– The Associated Press

ATLANTA – Health officials are renewing their push for Americans to get swine flu vaccinations following a recent rise in hospital cases in Georgia.

No other state has had such an increase in hospitalizations, and overall swine flu cases and deaths have been down for months. But in the past two weeks, 70 to 80 people in Georgia have been hospitalized with swine flu — the most since September, according to the Georgia Department of Community Health.

Most were unvaccinated adults, and many had pre-existing conditions that made them more susceptible to swine flu, federal health officials said Monday.

Georgia has one of the lowest swine-flu vaccination rates in the country, said Dr. Anne Schuchat, a flu expert with the Centers for Disease Control and Prevention, although she declined to elaborate.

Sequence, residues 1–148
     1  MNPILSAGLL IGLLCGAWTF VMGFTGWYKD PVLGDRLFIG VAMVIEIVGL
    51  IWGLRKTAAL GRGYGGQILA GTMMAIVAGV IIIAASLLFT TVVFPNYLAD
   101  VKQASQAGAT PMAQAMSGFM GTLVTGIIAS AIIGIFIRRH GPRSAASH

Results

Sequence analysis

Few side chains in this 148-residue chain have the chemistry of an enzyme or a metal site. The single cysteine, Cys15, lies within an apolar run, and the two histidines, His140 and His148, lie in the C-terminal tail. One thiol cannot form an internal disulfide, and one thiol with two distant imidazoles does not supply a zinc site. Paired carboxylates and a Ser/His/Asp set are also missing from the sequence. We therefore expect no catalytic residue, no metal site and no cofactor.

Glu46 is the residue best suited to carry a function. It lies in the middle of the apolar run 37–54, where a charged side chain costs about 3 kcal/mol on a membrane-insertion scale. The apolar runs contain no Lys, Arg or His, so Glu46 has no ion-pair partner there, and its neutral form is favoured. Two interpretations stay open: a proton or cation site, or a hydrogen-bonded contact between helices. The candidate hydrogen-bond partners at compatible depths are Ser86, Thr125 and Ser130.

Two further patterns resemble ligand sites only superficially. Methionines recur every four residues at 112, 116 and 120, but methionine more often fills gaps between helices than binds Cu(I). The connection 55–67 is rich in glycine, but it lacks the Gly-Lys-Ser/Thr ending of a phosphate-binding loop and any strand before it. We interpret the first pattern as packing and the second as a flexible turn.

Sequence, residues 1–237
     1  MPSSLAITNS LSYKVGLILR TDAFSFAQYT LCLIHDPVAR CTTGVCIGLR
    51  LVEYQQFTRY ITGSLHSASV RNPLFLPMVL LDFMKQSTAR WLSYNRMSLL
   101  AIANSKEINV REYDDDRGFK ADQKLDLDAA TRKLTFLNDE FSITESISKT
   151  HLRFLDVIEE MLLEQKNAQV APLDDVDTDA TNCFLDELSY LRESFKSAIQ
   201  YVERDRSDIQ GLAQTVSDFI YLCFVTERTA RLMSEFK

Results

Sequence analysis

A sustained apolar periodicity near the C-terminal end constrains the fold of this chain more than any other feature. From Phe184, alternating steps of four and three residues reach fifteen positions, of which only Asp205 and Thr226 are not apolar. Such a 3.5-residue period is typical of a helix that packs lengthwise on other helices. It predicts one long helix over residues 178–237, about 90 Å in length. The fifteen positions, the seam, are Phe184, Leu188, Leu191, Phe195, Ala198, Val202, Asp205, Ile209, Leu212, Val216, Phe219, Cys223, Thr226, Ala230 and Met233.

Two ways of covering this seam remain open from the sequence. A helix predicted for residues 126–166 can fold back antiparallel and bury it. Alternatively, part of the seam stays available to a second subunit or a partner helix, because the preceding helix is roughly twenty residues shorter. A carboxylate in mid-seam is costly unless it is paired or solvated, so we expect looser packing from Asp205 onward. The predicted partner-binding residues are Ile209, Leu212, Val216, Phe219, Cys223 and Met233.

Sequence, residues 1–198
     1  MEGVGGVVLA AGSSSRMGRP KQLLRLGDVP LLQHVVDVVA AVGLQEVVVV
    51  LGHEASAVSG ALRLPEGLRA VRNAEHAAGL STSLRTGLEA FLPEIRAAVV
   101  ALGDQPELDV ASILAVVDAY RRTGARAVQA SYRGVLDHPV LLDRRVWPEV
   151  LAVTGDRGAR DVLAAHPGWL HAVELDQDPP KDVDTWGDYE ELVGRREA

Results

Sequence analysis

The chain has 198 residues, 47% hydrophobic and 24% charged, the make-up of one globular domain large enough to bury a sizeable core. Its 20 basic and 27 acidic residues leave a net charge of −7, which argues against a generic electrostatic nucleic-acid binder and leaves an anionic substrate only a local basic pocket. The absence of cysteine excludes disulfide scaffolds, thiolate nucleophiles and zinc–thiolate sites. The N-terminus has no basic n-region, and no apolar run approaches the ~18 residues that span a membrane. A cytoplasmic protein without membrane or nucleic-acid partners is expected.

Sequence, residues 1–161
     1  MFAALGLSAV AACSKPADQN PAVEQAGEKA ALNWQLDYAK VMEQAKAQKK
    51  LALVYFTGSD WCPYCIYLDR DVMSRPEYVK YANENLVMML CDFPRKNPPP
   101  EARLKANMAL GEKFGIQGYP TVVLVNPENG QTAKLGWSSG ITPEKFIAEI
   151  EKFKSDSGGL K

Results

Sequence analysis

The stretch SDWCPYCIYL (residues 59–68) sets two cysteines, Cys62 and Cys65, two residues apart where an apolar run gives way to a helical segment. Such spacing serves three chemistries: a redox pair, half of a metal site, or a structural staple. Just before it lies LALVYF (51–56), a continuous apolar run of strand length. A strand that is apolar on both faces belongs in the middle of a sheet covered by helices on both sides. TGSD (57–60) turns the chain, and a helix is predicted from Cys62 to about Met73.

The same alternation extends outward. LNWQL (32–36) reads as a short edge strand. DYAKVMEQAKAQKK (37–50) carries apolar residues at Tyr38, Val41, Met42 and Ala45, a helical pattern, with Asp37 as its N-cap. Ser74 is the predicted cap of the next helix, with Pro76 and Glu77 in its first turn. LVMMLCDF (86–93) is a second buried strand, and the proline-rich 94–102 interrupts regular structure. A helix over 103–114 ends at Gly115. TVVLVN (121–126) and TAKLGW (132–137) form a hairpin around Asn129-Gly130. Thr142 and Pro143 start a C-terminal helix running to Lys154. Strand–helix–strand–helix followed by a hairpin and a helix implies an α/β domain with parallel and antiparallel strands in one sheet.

Swine flu first was first identified last April and it hit the country in two waves — a smaller spring wave and then a larger fall wave. Flu activity has been declining since November, and health officials have had to push harder to get people interested in getting some of the tens of millions of unused doses.

“Many Americans are still vulnerable because they haven’t gotten vaccinated yet,” said U.S. Surgeon General Dr. Regina Benjamin, who joined Schuchat in a Monday teleconference with reporters.

About 86 million Americans have been vaccinated in a campaign that began in October.

If a third wave of illness occurs, it likely would be in pockets where few people were previously infected or received flu shots, said University of Michigan flu expert Dr. Arnold Monto.

Swine flu has sickened about 60 million Americans, hospitalized 265,000 and killed about 12,000.

The U.S. death toll from the new H1N1 virus, declared a global epidemic, is about one-third of the estimated deaths from a regular flu season.